The Federal Government is currently working on resolving the perennial Right of Way (RoW) challenges that has hindered improved connectivity in Nigeria and stalled the drive for broadband revolution in the country. And, according to Guardian Nigeria, there are indications that the Federal Government has plans to lay 18, 000 kilometer fibre optic cables to further help the country in meeting and surpassing the 30% broadband penetration target set by the Nigerian Communications Commission (NCC) for 2018.
The Guardian learnt that this new drive is being championed by the Presidency and that four operators have been selected to lay the fibre cable. They include MainOne; IHS Nigeria Limited; Broadbased Limited and Phase3 Communications.
First of all, Nigeria's broadband penetration is reportedly at 20.95%, according to the NCC. But the NCC also mentions a lot of numbers. In September 2017, the NCC put the number of internet users in Nigeria at 93 million.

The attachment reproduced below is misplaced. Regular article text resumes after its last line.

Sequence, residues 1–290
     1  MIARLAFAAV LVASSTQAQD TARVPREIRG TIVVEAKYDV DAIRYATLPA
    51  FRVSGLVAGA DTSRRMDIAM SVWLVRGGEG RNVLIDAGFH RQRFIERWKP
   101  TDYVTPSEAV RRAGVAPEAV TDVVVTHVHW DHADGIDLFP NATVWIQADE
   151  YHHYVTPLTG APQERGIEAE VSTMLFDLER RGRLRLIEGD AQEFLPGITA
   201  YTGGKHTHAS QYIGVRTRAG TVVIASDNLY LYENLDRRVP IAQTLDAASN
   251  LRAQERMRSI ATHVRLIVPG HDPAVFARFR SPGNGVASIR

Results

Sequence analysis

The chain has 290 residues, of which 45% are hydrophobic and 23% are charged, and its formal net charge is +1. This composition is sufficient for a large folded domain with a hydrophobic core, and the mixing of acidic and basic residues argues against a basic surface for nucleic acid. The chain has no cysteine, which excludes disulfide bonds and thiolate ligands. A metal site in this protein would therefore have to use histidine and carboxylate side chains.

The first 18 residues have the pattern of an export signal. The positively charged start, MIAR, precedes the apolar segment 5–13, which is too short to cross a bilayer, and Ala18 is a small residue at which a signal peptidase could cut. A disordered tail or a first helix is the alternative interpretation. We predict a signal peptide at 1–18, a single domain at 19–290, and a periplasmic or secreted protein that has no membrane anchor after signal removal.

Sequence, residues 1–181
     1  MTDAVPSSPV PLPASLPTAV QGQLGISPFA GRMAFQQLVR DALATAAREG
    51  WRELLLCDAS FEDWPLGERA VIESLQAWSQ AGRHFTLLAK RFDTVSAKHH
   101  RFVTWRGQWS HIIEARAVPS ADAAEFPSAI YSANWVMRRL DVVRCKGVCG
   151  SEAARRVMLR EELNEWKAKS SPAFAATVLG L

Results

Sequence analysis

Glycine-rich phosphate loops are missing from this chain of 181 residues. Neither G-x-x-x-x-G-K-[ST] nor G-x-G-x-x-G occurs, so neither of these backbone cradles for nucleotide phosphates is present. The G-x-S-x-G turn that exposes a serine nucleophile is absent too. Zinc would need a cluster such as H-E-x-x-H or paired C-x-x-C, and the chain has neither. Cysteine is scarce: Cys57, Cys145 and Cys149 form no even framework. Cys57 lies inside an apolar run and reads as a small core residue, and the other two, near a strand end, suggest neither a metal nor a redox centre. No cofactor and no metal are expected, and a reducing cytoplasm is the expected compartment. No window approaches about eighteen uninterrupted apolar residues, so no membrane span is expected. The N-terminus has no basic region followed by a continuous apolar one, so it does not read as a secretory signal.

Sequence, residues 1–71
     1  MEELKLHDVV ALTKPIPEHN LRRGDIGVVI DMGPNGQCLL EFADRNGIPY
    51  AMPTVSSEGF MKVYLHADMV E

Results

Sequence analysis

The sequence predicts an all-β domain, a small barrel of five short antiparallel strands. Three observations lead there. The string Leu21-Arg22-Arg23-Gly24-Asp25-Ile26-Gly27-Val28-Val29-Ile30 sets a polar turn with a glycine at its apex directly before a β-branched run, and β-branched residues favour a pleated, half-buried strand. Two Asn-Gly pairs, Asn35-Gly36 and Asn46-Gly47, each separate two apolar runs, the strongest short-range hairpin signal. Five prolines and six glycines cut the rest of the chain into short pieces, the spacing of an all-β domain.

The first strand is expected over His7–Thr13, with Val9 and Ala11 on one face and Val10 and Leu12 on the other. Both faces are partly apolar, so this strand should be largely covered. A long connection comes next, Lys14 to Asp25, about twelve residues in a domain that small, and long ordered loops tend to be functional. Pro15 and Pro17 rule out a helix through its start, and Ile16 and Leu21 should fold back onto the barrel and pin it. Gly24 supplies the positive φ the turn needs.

But the “internet users” is a broad stroke that includes subscribers who pay for internet access (dial-up, leased line and fixed broadband) and people who have access without paying directly, either as a member of a household or from work, school, a public library or internet café. In other words,
a lie an exaggeration.
And when the internet penetration gets to 30%, will it reduce data costs? What positive impact will it have on Nigerians who previously didn't have internet access, aside from additional cost? Our
really bad internet is also really expensive, so where's the good really? The current minimum wage in Nigeria is N18,000; 2% of that is N360. 1GB of data in Nigeria is at least N700 (from Airtel lol) which is 3.7% of the minimum wage. Nigeria has more expensive internet access relative to minimum wage.
Let's not speak of quality. 4G networks work like 2G, and once you're on 3G, well, it's a GPRS life. So, who does this broadband penetration schtick really help?